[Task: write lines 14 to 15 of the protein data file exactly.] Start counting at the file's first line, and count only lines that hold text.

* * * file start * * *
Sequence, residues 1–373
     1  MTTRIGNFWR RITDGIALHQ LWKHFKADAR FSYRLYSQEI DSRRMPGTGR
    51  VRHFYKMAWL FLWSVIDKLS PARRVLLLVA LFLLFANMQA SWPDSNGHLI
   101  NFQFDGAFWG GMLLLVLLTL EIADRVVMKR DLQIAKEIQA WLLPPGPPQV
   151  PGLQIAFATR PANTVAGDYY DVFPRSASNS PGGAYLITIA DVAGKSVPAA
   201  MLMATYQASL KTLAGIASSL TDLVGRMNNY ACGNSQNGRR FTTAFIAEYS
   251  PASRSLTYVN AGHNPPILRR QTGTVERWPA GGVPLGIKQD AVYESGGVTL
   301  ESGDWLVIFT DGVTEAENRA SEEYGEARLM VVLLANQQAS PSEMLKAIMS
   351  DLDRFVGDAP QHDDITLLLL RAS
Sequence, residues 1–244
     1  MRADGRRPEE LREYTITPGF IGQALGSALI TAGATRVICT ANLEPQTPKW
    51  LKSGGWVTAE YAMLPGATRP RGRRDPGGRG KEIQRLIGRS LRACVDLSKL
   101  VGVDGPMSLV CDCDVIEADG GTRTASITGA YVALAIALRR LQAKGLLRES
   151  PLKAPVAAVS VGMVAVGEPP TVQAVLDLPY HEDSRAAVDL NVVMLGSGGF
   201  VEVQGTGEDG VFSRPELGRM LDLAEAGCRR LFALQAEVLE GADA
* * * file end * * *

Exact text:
   151  PLKAPVAAVS VGMVAVGEPP TVQAVLDLPY HEDSRAAVDL NVVMLGSGGF
   201  VEVQGTGEDG VFSRPELGRM LDLAEAGCRR LFALQAEVLE GADA